As we moved further into the plantation we could hear the calls of various birds like the minivets and nuthatches. This could only be a mixed bird flock and we hurried towards the calls. It was a large mixed flock of species like the Velvet-fronted and Chestnut-bellied Nuthatches, Brown-cheeked Fulvettas, Yellow-browed Bulbuls, Scarlet and Little Minivets, Brown-capped Pygmy Woodpeckers, Dark-fronted Babblers, Black-naped Monarchs, Malabar Woodshrikes, Racket-tailed and Bronzed Drongos, Black-rumped Flamebacks, Lesser yellow-naped Woodpeckers and Indian Yellow Tits. For over ten minutes we watched as all these birds went from tree to tree all around us and then slowly moved away. We got some great photographs and decided to head back to the birding lodge for lunch.
As we neared the birding lodge a pair of drongos were mobbing a bird in a jack fruit tree. We tried to get closer and a large owl flew into a ficus adjoining the jack fruit tree. While Matthew got a good view of the owl through his bins, I managed a hasty photograph under difficult conditions. We were lucky to sight the elusive Brown-wood Owl during the day. Thanks to the persistent mobbing by the drongos we were able to photograph this nocturnal beauty and were very happy with the days birding but there was more to come! The path lead through a wetland with a few ponds and a marshy area. When we were half way through, a large snipe flushed and we had a hurried look at a Pin-tailed Snipe. A pair of Malabar Crested Larks were also present and a group of Indian Rufous Babblers could be seen sulking in the bushes around the pond. This species is very vocal but rarely show themselves in the open.
It was nearing dusk and we heard a Jerdon’s nightjar call in the distance but it stopped calling as we tried to get near and we made our way back to the lodge. The sunset at the lodge was very beautiful especially since the lodge overlooks a valley and is elevated. We enjoyed a few cold beers comfortably ensconced in planters chairs followed by dinner and went to bed early.
We were to leave for Bangalore the next morning and just as we left the lodge I heard the percing call of a raptor overhead. We got out of the car and looked up to see a raptor flying really high up. I bumped up the exposure on the camera and took a few pictures before looking through my binoculars. The bird initially looked like a Crested Goshawk but on close inspection I found that it was the very rare Jerdon’s Baza. I could not believe my eyes since the raptor had never been reported from the area before. Very few experienced birders have actually seen this bird in India and Matthew and I are very fortunate to have had a great view of this special bird. A closely cropped photo of the Baza in flight can be seen below.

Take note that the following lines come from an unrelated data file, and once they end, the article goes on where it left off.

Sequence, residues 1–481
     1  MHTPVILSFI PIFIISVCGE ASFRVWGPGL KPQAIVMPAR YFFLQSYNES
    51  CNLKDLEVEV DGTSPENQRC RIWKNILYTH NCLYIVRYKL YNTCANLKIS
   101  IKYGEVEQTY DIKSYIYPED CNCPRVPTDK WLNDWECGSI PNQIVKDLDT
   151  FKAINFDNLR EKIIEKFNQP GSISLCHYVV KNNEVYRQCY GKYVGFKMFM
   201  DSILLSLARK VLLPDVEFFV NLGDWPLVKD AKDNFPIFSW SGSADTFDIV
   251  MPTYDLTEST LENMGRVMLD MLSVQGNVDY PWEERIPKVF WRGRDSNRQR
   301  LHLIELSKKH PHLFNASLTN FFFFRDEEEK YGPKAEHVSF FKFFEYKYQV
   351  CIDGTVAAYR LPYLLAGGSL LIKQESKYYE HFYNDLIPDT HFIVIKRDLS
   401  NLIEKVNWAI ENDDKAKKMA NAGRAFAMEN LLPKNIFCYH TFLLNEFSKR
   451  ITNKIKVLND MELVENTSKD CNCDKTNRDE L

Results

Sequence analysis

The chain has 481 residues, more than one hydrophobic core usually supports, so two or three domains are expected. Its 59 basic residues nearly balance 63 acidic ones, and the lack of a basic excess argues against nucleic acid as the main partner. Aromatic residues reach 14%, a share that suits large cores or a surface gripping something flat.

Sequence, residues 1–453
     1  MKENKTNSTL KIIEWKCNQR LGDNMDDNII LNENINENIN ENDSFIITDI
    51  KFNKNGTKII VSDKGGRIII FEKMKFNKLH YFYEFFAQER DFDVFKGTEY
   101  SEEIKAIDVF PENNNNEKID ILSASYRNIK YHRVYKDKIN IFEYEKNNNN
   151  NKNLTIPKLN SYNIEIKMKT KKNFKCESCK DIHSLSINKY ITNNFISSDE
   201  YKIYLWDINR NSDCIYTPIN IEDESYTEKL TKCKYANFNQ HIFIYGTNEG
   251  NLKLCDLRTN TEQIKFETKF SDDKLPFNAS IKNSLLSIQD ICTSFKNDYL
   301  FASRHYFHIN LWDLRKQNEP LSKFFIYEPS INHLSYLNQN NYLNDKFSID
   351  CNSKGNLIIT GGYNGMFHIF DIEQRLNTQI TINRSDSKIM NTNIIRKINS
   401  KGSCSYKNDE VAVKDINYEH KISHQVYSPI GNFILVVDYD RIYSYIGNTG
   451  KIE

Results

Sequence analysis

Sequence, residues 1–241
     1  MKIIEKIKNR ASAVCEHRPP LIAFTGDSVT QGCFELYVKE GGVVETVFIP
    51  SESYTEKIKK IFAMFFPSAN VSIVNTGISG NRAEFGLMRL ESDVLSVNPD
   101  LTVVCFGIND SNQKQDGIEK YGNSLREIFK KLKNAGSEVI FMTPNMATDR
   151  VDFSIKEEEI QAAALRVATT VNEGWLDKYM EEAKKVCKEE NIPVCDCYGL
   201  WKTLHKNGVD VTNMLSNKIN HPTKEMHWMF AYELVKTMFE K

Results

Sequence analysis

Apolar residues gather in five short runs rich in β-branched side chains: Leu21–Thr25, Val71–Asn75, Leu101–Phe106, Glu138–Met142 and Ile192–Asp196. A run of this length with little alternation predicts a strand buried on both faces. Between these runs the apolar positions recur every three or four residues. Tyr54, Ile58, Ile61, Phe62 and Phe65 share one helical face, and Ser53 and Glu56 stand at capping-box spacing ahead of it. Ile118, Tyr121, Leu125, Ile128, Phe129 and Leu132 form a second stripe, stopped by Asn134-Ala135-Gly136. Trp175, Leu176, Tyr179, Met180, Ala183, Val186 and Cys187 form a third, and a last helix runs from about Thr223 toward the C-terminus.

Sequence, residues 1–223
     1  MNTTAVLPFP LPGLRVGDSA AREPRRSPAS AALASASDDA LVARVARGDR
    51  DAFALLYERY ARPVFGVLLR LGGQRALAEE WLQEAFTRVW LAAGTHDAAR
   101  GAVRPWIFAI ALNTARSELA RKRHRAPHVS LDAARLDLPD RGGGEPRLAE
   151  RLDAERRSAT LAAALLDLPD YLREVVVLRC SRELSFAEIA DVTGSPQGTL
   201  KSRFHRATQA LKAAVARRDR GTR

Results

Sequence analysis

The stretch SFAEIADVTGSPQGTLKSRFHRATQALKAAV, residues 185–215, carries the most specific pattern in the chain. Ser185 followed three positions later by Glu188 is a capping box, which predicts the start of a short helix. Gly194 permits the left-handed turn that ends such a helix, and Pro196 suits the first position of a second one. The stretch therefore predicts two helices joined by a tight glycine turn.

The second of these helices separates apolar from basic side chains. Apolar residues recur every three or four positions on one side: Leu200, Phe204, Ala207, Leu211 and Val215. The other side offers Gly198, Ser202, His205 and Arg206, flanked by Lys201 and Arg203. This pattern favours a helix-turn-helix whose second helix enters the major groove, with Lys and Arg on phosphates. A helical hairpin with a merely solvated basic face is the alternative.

Thrilled with a splendid sighting we drove towards Bangalore and stopped in the middle of a forest where I knew of a path up a thickly wooded hillock. There was still a lot of mist and though it was clearing up fast it gave an ethereal feel to the location. It was a very beautiful spot and as we walked up the path we chanced upon a pile of fresh tiger scat right beside the path. The tiger had probably passed this way less than an hour or two ago and the feline scent still hung in the air. We decided to stay in the same spot till the mist cleared. A pattering of leaves close by made us look up into a tree. A giant Malabar Squirrel sat on a branch feeding on the bark of the tree. These beautiful squirrels rarely come to the ground and prefer to feed in the tree tops. They also happen to be the favourite food for large raptors like the Changeable and Mountain Hawk-eagles and the Black Eagle. As the mist cleared we started seeing bird movement and were able to have good views of the Green Imperial Pigeon, Grey-headed Bulbul, Pompadour Green Pigeon, Yellow-footed Green-pigeon and the Nilgiri Wood-pigeon. A few Crested Tree Swifts were flying high above us.
We drove on and stopped at a lake just outside the forest where we were able to view Black-headed Ibis, Black Ibis, Bronze-winged and Pheasant-tailed Jacana, White-breasted Waterhen, Jack Snipe, Common Sandpiper, Common Ringed Plover, Grey-heron and Purple-heron.
The roads are excellent once you hit the main highway and the Coorg-Mysore road does not have much traffic compared to the Mysore-Bangalore stretch. As we passed Mysore we spotted a pair of Indian Grey-hornbills and managed a quick photograph before continuing with our journey. It was an excellent three day trip and Matthew was good fun to bird with. He is also a keen photographer and birder and I look forward to seeing him again next year for a trip into the Nilgiri hills. That should complete his birding series in South India which leaves us with a trip to the northern parts of India. Though we didn’t see a tiger on this trip, the next trip I have planned for him should give us a better shot at seeing a tiger in the wild.